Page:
Maldives remains favourite amongst Chinese travellers, new survey finds

Maldives ranks amongst the most favoured holiday destinations for Chinese travellers over the next year, a new survey by Hotels.com has revealed.

According to Hotels.com’s Chinese International Travel Monitor (CITM) survey, the key factors for Chinese travellers to choose their next holiday destination has safety on top of the list, with historical or heritage reasons and bucket lists being the next two important factors. Taking those factors into account, Singapore is the most favoured destination for Chinese travellers in the next 12 months.

The other nine cities are the Maldives, Sydney, Tokyo, Hong Kong, Bangkok, Australia’s Gold Coast, Hokkaido, Kuala Lumpur and Seoul.

More spending power, longer stays

The survey noted that Chinese tourists, in general, are expected to spend a daily average of USD 446, with average stay of  seven days per visit when they travel. Overall, they are spending more than a quarter (28 percent) of their income on international travel, with millennials being the biggest spenders, allocating 35 percent of their income to travel, it said.

According to the survey, the average amount spent per day, inclusive of accommodation, also increased by eight percent to USD 446 from USD 414 in 2016. For the first time in the survey’s history, shopping is no longer the prime reason for international travel, as leisure, culture and eco tourism are the new flavours.

Looking ahead, Chinese travellers said they intend to spend an average of 10 percent more on travel over the next 12 months.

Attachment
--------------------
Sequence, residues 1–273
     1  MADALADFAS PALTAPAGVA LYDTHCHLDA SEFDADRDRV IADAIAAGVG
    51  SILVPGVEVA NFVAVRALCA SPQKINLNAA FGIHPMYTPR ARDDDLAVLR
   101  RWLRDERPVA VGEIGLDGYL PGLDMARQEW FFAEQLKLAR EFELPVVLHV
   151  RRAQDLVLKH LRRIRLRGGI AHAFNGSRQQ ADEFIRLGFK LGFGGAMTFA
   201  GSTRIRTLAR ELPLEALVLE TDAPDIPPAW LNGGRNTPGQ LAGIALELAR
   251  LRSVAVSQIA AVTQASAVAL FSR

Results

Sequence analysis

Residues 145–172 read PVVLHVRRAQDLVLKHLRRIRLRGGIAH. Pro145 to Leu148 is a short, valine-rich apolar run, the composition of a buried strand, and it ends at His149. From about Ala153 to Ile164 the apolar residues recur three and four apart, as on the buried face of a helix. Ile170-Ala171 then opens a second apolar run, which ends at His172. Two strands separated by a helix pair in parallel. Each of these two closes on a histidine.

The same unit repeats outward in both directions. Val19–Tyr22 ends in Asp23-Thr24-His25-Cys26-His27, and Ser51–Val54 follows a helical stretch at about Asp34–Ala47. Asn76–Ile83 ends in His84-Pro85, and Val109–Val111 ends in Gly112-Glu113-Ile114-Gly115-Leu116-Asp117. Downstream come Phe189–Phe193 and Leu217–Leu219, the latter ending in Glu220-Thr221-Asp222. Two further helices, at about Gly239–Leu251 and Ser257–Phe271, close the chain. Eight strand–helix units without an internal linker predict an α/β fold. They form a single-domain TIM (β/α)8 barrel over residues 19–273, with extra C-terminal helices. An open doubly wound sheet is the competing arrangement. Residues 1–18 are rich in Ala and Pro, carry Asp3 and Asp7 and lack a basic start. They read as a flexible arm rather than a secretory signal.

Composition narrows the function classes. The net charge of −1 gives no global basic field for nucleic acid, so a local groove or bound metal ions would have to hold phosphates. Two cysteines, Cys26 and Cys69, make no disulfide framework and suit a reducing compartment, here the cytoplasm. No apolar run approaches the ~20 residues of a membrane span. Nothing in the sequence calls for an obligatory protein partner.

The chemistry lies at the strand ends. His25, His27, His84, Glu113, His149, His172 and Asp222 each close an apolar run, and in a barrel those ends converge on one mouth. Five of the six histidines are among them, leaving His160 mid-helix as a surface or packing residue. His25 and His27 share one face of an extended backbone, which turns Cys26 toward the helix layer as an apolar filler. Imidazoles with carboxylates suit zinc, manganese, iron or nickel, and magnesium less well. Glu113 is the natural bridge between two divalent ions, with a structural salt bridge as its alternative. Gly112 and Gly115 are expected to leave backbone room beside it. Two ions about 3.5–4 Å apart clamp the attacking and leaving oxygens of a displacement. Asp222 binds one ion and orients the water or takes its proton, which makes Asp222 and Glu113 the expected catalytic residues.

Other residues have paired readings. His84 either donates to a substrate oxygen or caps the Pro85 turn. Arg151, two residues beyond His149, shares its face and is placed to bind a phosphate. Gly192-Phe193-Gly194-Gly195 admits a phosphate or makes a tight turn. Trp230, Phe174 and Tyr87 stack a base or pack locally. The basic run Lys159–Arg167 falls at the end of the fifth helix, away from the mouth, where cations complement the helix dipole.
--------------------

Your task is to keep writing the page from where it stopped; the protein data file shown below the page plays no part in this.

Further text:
The new generation

The survey, which was carried out amongst Chinese travellers aged 18 to 57 who have travelled overseas in the past 12 months, said there is a new generation of travellers rising in China – the ‘more generation’. Comprising Chinese travellers of all age groups, they are more educated and increasingly sophisticated in their tastes and expectations. They want more of everything; more time travelling, more locations, more exotic experiences, and they are spending more.

This generation is also providing huge economic benefits to global economies as they are traveling internationally more often and for longer than ever before. In the past year, the number of trips they took worldwide  increased from three to four, and the length of stay from five to seven days. They are also visiting multiple cities per trip, with over 80 percent saying they would not just stay in a single city.

Jessica Chuang, Hotels.com’s Regional Marketing Director for Greater China, SEA and India, believes that with the rising Chinese middle-class with vast disposable income, countries cannot ignore the impact that the Chinese tourist can have on a country’s economy.

“Southeast Asia has been identified as a key market to have significant increased outbound travel of Chinese tourists,” she was quoted as saying.

“Cities and hotels across the region must look at how to best develop solutions that tap into their enormous spending power.”

According to Hotels.com, hotels across Asia Pacific have started to recognise what is needed and have turned to social media and marketing programmes to attract the Chinese traveller, while increasing the number of Mandarin speaking staff, and offering Chinese payment facilities.

China has maintained its position as the single biggest source market despite falling numbers over the past year. In 2016, the Maldives welcomed 324,326 visitors from China, which was a 9.8 percent drop compared to the previous year. China has continued its downward spiral this year as well with a 9.1 percent drop in Chinese arrivals during the first five months of the year.

As arrivals from China drop steadily, the Maldives has recently announced plans to step up marketing in China in order to increase the number of Chinese tourists to one million per year.

Photo: CNN

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